I worked as a tutor for the University of Utah throughout my undergraduate career as well as a TA as both a graduate and undergraduate. Additionally, I worked as a snowboard instructor in Park City Utah while an undergraduate. These experiences gave me a background in teaching both technical and non-technical topics through conventional i.e. classroom , 1 on 1, or group tutoring as well as unconventional i.e. the top of a mountain, environments. This helped me develop the ability to ascertain a students learning style and adapt my teaching style accordingly to enable the student to obtain the greatest learning outcome. Whether this was mastering concepts of calculus or physics or learning to make a turn on a snowboard it always brought me great satisfaction to watch a student master a concept. I feel I can bring this experience as well as an advanced knowledge of technical subject matter to make me an effective tutor of students of all levels and abilities.
Education & Certification
Undergraduate Degree: University of Utah - Bachelors, Chemical Engineering
Graduate Degree: Northeastern University - PHD, Chemical Engineering
Science experiments, cooking, and listening to music.
Q & A
What is your teaching philosophy?
I like to find a student's individual learning style and try to teach to that style to maximize learning outcome.
What might you do in a typical first session with a student?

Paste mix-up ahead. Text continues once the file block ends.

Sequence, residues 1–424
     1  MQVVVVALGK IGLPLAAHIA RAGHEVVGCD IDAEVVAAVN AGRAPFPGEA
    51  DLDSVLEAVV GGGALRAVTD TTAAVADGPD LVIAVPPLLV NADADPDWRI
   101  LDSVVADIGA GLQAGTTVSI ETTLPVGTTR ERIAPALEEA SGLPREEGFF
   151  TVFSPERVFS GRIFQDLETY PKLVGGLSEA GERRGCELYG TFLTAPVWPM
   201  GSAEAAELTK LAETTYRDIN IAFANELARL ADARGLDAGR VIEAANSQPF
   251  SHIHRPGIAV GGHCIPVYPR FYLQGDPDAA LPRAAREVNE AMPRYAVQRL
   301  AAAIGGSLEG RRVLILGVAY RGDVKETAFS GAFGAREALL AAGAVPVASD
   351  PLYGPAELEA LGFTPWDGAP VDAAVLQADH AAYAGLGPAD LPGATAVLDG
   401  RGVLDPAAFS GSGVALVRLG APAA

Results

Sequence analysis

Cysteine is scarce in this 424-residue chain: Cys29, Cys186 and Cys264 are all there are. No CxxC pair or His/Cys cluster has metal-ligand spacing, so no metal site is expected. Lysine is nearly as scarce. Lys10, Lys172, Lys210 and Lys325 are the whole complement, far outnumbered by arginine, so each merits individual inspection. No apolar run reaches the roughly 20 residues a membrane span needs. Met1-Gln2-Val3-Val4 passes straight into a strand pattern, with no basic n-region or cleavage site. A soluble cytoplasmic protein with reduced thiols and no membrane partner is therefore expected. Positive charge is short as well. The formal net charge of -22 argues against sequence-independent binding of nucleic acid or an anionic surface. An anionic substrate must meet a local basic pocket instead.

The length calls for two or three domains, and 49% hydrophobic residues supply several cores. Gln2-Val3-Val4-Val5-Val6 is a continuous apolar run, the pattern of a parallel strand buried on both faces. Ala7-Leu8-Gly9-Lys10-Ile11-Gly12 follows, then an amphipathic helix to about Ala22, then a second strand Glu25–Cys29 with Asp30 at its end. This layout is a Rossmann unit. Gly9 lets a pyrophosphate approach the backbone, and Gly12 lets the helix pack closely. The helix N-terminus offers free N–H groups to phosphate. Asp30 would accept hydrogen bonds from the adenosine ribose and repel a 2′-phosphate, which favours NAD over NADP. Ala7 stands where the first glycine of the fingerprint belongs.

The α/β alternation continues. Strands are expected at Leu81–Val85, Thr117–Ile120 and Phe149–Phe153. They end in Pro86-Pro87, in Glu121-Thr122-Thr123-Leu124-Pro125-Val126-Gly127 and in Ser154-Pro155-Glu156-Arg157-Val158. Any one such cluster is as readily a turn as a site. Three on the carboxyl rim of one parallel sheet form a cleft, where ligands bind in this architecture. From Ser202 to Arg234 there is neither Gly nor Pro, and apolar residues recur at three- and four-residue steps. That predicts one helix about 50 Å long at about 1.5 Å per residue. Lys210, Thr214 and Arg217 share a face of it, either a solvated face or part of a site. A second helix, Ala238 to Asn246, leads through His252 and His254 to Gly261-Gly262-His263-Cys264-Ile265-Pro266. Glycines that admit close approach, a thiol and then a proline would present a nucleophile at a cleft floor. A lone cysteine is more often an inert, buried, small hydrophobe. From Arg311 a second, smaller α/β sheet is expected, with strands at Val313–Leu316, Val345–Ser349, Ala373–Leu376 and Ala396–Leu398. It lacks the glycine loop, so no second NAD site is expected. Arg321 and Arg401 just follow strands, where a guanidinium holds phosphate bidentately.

Try to get to know them and determine how much they understand about the material so I know how best to teach.
How can you help a student become an independent learner?
Help them use the materials provided by their instructor to learn and answer their own questions.
How would you help a student stay motivated?
I believe when students begin to understand the subject matter, it helps them get excited about the material and stay motivated.
If a student has difficulty learning a skill or concept, what would you do?
Step back and try to help them understand the key concepts that are related to the questions or concepts that they are having trouble with.
What techniques would you use to be sure that a student understands the material?
I think it's important to ask open-ended questions to make sure a student understands. Asking "Do you understand?" is not as powerful as asking "How would you start to solve this problem?"